Directed epicardial assistance in ischemic cardiomyopathy: Flow and function using cardiac magnetic resonance imaging

Jeremy R. McGarvey, Norihiro Kondo, Manabu Takebe, Kevin J. Koomalsingh, Walter R.T. Witschey, Alex J. Barker, Michael Markl, Satoshi Takebayashi, Toru Shimaoka, Joseph H. Gorman, Robert C. Gorman*, James J. Pilla

*Corresponding author for this work

Research output: Contribution to journalArticlepeer-review

5 Scopus citations

Abstract

Background: Heart failure after myocardial infarction (MI) is a result of increased myocardial workload, adverse left ventricular (LV) geometric remodeling, and less efficient LV fluid movement. In this study we utilize cardiac magnetic resonance imaging to evaluate ventricular function and flow after placement of a novel directed epicardial assist device. Methods: Five swine underwent posterolateral MI and were allowed to remodel for 12 weeks. An inflatable bladder was positioned centrally within the infarct and secured with mesh. The device was connected to an external gas exchange pump, which inflated and deflated in synchrony with the cardiac cycle. Animals then underwent cardiac magnetic resonance imaging during active epicardial assistance and with no assistance. Results: Active epicardial assistance of the infarct showed immediate improvement in LV function and intraventricular flow. Ejection fraction significantly improved from 26.0% ± 4.9% to 37.3% ± 4.5% (p < 0.01). End-systolic volume (85.5 ± 12.7 mL versus 70.1 ± 11.9 mL, p < 0.01) and stroke volume (28.5 ± 4.4 mL versus 39.9 ± 3.1 mL, p = 0.03) were also improved with assistance. End-diastolic volume and regurgitant fraction did not change with treatment. Regional LV flow improved both qualitatively and quantitatively during assistance. Unassisted infarct regional flow showed highly discoordinate blood movement with very slow egress from the posterolateral wall. Large areas of stagnant flow were also identified. With assistance, posterolateral wall blood velocities improved significantly during both systole (26.4% ± 3.2% versus 12.6% ± 1.2% maximum velocity; p < 0.001) and diastole (54.3% ± 9.3% versus 24.2% ± 2.5% maximum velocity; p < 0.01). Conclusions: Directed epicardial assistance can improve LV function and flow in ischemic cardiomyopathy. This novel device may provide a valuable alternative to currently available heart failure therapies.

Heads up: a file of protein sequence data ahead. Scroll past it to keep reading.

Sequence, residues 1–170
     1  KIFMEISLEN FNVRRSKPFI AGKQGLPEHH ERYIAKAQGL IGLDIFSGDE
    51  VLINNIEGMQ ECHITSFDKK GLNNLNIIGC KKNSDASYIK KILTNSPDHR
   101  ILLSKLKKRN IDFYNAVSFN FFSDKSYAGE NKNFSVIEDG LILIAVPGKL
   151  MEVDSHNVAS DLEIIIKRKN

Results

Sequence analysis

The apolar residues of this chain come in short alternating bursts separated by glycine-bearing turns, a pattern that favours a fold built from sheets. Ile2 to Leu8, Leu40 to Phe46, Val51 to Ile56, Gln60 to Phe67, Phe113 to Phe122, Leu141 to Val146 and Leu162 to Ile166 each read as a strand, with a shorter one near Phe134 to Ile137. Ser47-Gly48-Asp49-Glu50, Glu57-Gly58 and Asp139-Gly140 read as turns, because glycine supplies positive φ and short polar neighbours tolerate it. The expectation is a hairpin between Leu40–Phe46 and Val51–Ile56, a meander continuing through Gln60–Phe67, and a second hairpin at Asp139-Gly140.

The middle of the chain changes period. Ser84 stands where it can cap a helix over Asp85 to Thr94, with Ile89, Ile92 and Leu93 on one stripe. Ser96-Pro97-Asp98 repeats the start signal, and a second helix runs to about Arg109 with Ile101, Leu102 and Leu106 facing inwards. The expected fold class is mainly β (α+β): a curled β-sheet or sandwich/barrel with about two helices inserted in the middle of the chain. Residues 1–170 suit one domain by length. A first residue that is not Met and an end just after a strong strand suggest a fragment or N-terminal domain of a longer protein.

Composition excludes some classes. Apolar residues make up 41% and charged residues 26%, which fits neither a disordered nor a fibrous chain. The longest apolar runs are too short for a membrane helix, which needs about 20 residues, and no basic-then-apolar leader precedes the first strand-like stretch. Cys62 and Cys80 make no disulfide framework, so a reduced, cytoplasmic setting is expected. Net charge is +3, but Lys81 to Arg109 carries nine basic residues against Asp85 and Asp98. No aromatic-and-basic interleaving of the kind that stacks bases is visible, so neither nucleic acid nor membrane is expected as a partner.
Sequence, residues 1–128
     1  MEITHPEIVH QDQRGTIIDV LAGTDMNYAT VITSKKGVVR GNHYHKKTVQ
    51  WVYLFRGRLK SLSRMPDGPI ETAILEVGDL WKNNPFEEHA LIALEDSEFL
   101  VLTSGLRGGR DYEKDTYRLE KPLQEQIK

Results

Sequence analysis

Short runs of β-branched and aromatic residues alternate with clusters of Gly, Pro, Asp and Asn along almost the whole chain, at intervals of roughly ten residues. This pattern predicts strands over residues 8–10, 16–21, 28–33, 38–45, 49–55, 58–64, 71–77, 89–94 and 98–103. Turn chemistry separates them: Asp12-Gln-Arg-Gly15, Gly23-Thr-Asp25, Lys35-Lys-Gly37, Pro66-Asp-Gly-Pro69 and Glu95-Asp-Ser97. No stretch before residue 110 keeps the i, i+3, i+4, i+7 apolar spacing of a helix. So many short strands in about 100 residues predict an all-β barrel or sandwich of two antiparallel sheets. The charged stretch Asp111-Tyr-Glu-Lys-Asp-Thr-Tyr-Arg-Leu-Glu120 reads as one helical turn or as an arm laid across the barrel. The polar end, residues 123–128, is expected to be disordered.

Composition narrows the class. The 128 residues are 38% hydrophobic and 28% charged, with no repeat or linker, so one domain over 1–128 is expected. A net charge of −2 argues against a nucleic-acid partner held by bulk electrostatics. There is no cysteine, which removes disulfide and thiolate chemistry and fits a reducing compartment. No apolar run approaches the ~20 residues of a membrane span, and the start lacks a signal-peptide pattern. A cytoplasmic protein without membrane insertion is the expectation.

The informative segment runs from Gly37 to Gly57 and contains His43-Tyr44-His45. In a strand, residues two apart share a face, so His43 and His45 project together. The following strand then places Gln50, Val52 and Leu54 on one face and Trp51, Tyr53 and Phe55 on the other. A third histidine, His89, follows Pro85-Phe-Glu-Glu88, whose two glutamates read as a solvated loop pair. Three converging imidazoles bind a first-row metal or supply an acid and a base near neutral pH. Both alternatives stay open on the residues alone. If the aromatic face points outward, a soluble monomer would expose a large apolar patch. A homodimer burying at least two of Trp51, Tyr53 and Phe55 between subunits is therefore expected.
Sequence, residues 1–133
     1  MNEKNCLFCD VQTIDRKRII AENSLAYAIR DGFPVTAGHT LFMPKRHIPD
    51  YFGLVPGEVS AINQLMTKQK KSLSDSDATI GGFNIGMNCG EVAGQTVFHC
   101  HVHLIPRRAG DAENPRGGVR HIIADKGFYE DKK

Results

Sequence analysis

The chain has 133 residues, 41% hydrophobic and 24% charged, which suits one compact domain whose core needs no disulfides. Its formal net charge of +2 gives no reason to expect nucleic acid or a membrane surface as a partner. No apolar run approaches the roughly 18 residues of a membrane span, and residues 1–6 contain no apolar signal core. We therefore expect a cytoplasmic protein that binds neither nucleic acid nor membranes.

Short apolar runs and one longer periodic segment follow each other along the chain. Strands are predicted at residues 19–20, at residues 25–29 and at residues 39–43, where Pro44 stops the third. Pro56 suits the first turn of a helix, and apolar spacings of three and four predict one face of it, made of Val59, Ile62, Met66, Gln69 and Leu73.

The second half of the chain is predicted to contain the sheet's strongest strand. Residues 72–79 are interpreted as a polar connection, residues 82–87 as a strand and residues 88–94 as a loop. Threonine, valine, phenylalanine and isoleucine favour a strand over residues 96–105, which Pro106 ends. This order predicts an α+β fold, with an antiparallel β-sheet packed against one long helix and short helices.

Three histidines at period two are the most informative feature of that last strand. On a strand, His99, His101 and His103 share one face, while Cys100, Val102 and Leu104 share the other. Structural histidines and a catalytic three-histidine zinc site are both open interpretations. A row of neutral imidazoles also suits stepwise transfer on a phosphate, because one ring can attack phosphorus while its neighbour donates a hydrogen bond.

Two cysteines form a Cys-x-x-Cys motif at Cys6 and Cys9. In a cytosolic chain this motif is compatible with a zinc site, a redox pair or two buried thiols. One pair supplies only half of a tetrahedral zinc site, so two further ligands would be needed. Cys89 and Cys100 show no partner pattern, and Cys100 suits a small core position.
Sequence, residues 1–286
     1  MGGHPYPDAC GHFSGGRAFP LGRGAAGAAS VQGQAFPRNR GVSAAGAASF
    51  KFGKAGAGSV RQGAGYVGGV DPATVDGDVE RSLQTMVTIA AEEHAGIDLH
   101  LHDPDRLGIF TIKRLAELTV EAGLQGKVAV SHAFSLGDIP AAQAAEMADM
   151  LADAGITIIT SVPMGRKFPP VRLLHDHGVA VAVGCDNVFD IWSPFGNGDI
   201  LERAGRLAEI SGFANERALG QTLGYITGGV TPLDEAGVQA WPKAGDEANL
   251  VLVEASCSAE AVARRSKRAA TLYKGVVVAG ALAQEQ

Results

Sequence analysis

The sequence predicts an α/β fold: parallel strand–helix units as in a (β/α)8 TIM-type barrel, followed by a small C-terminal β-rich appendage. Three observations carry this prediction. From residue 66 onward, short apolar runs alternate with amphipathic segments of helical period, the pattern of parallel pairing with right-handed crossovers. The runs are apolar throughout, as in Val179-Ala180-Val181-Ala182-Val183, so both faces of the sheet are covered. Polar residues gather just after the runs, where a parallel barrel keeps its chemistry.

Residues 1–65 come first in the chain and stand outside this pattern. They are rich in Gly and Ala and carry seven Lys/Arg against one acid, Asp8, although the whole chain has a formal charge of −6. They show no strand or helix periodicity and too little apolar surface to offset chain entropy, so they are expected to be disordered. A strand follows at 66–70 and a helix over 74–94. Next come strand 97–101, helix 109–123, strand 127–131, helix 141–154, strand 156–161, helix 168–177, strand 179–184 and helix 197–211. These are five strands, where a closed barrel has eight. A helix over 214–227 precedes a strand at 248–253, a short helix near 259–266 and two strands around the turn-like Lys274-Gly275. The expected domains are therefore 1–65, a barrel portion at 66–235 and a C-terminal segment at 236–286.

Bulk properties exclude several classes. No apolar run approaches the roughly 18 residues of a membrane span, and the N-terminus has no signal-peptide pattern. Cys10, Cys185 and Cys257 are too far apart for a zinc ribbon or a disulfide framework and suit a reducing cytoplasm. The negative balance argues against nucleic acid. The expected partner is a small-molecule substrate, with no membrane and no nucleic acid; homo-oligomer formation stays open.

Original languageEnglish (US)
Pages (from-to)577-585
Number of pages9
JournalAnnals of Thoracic Surgery
Volume96
Issue number2
DOIs
StatePublished - Aug 2013

ASJC Scopus subject areas

  • Surgery
  • Pulmonary and Respiratory Medicine
  • Cardiology and Cardiovascular Medicine

Fingerprint Dive into the research topics of 'Directed epicardial assistance in ischemic cardiomyopathy: Flow and function using cardiac magnetic resonance imaging'. Together they form a unique fingerprint.

Cite this